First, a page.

Predictors of Hand Therapy Non-Compliance Following Flexor Tendon Repair: A Retrospective Cohort Study
Matthew Tomas McLaughlin, BS1; Allison Seitz, BS2; Edalatpour Armin, MD3; Brett F Michelotti, MD2
1University of Wisconsin School of Medicine and Public Health, Madison, WI; 2University of Wisconsin Hospitals and Clinics, Madison, WI; 3University of Wisconsin, Wauwatosa, WI
Introduction: Following surgical repair of injuries to the flexor tendons, hand therapist-directed early mobilization of the affected digits promotes faster tendon healing, improves post-recovery range of motion, and helps prevent secondary tendon ruptures. Despite the demonstrated importance, many patients are non-compliant with postoperative hand therapy protocols, and the patient factors that predict compliance are unknown. This study aims to assess the factors that influence patient adherence to hand therapy following flexor tendon repair surgery.
Materials and Methods: In this retrospective cohort study, we reviewed electronic health records of consecutive patients (N=153) over a 5-year period who underwent acute flexor tendon repair surgery at a tertiary care medical center. Patients were stratified by insurance coverage (no insurance, Medicaid, Medicare, private, or workmen’s compensation) and other demographic variables. Outcomes included no-shows to occupational therapy (OT) appointments, duration of OT follow-up, and postoperative emergency department visits.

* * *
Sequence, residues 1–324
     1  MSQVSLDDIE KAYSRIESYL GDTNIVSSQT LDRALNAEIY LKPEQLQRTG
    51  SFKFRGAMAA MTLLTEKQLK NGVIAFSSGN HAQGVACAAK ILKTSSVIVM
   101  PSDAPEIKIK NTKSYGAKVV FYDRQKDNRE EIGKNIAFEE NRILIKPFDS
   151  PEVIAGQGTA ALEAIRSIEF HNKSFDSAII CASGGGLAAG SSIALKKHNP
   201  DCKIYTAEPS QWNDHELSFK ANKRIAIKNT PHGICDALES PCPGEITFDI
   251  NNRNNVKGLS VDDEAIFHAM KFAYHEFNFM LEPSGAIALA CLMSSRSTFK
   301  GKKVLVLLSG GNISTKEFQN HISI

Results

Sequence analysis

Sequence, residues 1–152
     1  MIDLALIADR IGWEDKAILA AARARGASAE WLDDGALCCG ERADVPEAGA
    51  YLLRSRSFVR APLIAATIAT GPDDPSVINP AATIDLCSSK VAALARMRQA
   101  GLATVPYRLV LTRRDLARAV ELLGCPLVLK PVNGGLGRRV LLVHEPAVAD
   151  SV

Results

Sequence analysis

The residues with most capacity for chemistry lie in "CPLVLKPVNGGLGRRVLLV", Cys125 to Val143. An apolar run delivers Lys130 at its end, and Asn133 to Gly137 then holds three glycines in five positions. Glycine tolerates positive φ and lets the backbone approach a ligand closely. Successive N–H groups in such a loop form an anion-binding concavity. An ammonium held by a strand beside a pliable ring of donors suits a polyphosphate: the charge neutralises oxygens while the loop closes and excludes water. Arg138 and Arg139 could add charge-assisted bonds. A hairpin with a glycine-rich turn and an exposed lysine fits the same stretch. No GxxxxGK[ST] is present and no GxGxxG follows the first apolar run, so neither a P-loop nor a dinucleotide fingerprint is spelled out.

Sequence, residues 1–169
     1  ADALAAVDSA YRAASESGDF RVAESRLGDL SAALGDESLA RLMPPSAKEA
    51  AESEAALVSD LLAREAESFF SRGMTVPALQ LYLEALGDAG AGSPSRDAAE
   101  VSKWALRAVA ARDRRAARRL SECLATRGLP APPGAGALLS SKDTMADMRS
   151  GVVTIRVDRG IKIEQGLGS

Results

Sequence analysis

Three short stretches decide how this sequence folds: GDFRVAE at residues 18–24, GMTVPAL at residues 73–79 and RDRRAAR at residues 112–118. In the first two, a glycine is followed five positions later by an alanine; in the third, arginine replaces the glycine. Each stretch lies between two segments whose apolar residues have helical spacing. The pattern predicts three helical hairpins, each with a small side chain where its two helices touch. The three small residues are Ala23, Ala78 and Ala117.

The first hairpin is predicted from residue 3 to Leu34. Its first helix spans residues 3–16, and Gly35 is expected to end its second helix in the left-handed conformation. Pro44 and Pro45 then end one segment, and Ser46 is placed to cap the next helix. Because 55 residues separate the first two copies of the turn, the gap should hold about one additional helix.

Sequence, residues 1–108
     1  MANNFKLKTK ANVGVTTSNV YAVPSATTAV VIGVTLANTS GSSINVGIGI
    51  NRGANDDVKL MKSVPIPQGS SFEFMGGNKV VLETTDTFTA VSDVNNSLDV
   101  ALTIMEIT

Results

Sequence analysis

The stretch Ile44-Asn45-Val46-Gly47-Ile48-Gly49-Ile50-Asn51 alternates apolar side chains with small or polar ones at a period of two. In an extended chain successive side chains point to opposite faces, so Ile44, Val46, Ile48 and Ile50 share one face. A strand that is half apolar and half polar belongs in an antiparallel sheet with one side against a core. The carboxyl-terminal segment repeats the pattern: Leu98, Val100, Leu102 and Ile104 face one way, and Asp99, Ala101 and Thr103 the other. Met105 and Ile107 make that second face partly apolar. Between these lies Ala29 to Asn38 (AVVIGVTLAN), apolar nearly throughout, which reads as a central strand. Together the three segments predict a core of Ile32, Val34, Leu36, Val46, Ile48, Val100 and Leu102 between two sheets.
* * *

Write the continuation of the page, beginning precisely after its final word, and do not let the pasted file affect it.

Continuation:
Results: Patient factors significantly associated with no-shows to OT appointments were having no insurance (p=0.026) or Medicaid coverage (p=0.001), Black or African American race (p=0.014), and current tobacco use (p=0.047). Uninsured patients attended 73.84% of their OT visits and those with Medicaid attended 71.95% of their OT visits, which were significantly lower rates than 90.73% attendance observed in patients with private insurance (p=0.026 and p=0.001, respectively). Patients with Medicaid were 8 times more likely to no-show to an OT visit or to postoperatively visit the emergency department than patients with private insurance (p=0.001 and p=0.002, respectively). Patients with no insurance or Medicaid averaged 3.67 and 8.86 total OT visits, respectively, which was significantly less than patients with workmen’s compensation coverage who averaged 22.79 visits (p<0.001 and p=0.007, respectively).
Conclusions: We identified statistically significant disparities in attendance to hand therapy appointments following flexor tendon repair surgery. This observed non-compliance to OT may lead to worse surgical outcomes and patient morbidity. These data can assist hospitals, providers, and social workers identify at-risk patients and aid in the development of strategies to increase OT utilization.
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